One trainer to caregivers on transgender and gay health care issues said they already can deny care if it’s not life-threatening. A spokeswoman for Planned Parenthood Southeast suggested that the government would explicitly protect caregivers for denying a referral to services the patient seeks, and that it would randomly send auditors to health facilities to ensure policies were in place to protect the caregivers.
“They’re proactively going in to make sure there are mechanisms where people can discriminate, as opposed to protecting against discrimination — which is what they’re supposed to do,” said Barbara Ann Luttrell, the Planned Parenthood spokeswoman.
Luttrell called the lack of obligation to refer a patient to the correct provider dangerous. “And we think it’s unethical. … It’s devastating but not surprising,” she said.
The new organization will be called the Conscience and Religious Freedom Division, and it will be placed in the existing Civil Rights Office of the U.S. Department of Health and Human Services.
The civil rights workers traditionally have enforced civil rights laws as they apply to ensuring health care and the privacy protections patients have under federal health privacy laws. The change was announced Thursday morning at a press conference in Washington attended by conservative lawmakers including U.S. House Majority Leader Kevin McCarthy. The event took place the day before anti-abortion groups plan to hold marches and rallies both in Washington and in cities including Atlanta.
“For too long, too many of these health care workers have been bullied and discriminated against,” Eric Hargan, the acting secretary of the health department, said at the news event.
The civil rights office’s leader, Roger Severino, said in a statement that “the new division will help guarantee that victims of unlawful discrimination find justice.”
“For too long, governments big and small have treated conscience claims with hostility instead of protection,” he said, “but change is coming and it begins here and now.”
Organizations representing some of Georgia’s care providers were scrambling to understand the new developments, all while attempting to respect the views of their members from urban to rural and conservative to liberal.
The Georgia Hospital Association wasn’t taking a position on the new office, per se, said Ethan James, the executive vice president of external relations there.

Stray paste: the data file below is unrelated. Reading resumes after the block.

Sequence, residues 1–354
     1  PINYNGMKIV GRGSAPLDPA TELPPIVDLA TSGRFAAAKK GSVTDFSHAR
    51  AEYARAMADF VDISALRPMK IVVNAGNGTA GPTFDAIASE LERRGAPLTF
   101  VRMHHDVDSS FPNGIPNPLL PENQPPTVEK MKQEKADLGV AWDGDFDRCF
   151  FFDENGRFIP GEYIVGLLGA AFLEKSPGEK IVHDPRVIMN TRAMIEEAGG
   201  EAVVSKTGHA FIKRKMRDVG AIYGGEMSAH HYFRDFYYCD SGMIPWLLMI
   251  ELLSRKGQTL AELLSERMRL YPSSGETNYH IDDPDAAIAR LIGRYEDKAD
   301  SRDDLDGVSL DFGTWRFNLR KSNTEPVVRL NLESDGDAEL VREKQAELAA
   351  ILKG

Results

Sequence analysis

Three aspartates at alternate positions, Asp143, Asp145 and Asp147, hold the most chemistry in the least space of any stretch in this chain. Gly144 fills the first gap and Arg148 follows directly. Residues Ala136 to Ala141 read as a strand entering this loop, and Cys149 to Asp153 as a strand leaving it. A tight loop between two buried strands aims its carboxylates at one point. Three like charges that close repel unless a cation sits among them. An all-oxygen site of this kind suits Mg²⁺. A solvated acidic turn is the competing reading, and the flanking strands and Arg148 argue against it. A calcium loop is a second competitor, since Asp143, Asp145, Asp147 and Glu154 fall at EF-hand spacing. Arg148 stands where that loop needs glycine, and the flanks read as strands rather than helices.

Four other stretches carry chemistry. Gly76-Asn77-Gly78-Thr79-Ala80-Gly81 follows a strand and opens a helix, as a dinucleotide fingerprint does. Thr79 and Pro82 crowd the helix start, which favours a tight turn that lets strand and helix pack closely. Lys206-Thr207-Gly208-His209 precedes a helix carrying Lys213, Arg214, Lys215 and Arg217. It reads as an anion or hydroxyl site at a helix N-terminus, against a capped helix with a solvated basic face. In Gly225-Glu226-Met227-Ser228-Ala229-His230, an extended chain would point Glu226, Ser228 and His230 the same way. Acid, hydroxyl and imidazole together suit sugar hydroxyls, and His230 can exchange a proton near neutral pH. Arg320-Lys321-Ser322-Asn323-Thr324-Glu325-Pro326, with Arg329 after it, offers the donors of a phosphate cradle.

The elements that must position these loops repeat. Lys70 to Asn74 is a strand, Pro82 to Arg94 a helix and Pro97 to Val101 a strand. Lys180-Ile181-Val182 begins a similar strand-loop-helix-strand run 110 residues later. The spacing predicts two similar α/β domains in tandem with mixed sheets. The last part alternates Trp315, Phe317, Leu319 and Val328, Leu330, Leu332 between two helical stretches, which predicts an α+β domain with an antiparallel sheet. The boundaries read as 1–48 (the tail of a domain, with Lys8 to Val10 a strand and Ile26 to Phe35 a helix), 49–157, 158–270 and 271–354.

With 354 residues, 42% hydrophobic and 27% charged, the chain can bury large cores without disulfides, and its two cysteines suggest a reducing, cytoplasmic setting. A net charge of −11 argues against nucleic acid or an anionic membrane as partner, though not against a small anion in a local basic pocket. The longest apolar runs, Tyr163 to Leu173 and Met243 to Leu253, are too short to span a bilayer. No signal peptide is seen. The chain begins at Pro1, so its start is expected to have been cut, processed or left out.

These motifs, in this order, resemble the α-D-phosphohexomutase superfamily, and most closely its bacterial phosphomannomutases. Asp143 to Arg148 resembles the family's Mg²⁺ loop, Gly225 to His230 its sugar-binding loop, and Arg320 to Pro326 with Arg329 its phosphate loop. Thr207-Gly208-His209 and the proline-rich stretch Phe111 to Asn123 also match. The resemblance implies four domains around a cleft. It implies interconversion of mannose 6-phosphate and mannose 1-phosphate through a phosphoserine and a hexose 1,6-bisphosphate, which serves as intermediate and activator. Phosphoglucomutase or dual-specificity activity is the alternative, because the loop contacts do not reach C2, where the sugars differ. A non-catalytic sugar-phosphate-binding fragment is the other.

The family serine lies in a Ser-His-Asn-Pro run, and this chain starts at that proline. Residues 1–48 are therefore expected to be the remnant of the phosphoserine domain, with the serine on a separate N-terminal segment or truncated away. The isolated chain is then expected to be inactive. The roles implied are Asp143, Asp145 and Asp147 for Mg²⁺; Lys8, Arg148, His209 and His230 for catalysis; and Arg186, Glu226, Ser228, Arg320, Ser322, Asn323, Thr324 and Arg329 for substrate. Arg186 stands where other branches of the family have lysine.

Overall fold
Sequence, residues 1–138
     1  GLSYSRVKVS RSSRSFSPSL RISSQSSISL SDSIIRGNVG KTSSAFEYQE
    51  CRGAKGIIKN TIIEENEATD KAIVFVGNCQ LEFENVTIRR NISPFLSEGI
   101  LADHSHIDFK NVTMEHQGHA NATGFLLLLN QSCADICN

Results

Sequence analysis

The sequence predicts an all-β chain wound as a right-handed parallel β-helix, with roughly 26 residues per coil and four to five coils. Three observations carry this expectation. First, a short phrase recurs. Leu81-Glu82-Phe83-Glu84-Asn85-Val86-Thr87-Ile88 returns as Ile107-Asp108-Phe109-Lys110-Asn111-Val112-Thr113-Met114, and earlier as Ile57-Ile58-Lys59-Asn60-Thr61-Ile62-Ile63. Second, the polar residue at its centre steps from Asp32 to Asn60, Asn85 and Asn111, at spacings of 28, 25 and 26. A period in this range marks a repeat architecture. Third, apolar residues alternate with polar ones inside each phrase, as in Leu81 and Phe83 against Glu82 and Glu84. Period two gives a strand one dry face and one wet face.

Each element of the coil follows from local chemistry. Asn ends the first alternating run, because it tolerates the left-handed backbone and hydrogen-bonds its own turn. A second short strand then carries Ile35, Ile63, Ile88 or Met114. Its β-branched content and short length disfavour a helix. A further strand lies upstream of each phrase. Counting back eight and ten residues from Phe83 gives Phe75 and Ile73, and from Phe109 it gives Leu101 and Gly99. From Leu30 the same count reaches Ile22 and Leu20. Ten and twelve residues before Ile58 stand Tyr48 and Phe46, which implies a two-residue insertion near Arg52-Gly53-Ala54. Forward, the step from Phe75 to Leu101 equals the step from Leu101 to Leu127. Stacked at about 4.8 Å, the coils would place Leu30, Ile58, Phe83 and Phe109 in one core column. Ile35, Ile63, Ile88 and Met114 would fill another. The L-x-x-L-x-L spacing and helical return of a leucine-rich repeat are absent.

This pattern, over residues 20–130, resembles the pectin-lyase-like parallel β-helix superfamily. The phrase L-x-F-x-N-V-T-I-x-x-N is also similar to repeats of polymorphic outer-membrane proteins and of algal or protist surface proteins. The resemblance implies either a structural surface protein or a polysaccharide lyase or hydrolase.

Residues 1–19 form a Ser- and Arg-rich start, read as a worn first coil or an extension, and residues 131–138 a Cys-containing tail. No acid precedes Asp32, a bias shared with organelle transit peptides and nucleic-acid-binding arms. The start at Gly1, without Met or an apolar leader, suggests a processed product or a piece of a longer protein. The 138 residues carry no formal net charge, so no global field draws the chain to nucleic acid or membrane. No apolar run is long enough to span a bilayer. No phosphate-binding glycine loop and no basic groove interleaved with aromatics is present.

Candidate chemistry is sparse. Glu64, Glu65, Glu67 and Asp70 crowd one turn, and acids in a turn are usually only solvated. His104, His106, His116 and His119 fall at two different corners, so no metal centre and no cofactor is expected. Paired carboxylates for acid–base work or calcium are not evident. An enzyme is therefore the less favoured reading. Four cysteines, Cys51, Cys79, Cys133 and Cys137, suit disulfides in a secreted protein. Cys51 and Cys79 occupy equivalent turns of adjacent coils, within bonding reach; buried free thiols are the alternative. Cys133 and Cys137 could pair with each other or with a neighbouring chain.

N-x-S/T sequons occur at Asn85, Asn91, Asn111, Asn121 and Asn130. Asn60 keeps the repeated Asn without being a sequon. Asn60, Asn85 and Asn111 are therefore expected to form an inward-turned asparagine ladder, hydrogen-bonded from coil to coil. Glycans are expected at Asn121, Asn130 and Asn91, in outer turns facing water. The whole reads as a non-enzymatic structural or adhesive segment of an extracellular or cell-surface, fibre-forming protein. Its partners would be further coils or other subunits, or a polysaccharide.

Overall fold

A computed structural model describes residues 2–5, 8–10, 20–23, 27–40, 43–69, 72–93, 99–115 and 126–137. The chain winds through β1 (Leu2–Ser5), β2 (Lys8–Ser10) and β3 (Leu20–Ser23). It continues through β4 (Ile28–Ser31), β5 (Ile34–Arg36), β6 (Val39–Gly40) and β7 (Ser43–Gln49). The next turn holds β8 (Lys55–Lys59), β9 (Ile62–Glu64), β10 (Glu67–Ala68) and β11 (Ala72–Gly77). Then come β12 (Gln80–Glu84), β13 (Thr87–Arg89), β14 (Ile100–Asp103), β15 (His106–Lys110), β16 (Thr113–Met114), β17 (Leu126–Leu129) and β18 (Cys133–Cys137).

“Many hospitals already do have those protocols in place to accommodate reasonable requests,” which would include religious ones, James said. “However, we also believe that no treatment or care for a patient should be compromised or interrupted at any time.”
The statewide organization for doctors, the Medical Association of Georgia, “doesn’t have specific policy,” spokesman Tom Kornegay said. It does support the American Medical Association’s policy that “the relationship between a patient and a physician is based on trust, which gives rise to physicians’ ethical responsibility to place patients’ welfare above the physician’s own self-interest or obligations to others, to use sound medical judgment on patients’ behalf, and to advocate for their patients’ welfare.”
Tanya Ditty, the state director of the conservative Concerned Women for America of Georgia, said there are so many providers of different opinions that people shouldn’t worry that medical care will suffer, even for procedures her members oppose.
“To say you are limiting medical availability simply because someone won’t do a referral, I just don’t buy that argument,” Ditty said.
Genevieve Wilson, a spokeswoman for Georgia Right to Life, was glad to hear the news Thursday as she prepared for the anti-abortion march. Up to now the country has been “ignoring the Constitution, which is our foundational rights,” she said.
She added, “Our constitutionally held rights trump medical care.”
Muzio said “the First Amendment applies to everybody.”
“It says we have a right to exercise our religion,” he said. “That doesn’t end when we leave the home and go to our workplace.”
Chanel Haley, a gender inclusion organizer for the group Georgia Equality, fears the new directive will hurt medical care because the lack of a referral to a new provider puts the burden on the patient to find the right provider.
Haley is transgender, and she has given training lectures to hospital workers and others on caring for groups including transgender patients. As for her own care, she needs drugs for both diabetes and hormone replacement therapy, and she said there are very few endocrinologists who will do both. Whether or not legal restrictions on providers change, she said, behavior likely will.
“I think it’s just more putting discrimination and hate to the forefront,” Haley said. “It will probably be more widespread now.”
Never miss a minute of what’s happening in Georgia Politics. Subscribe to PoliticallyGeorgia.com.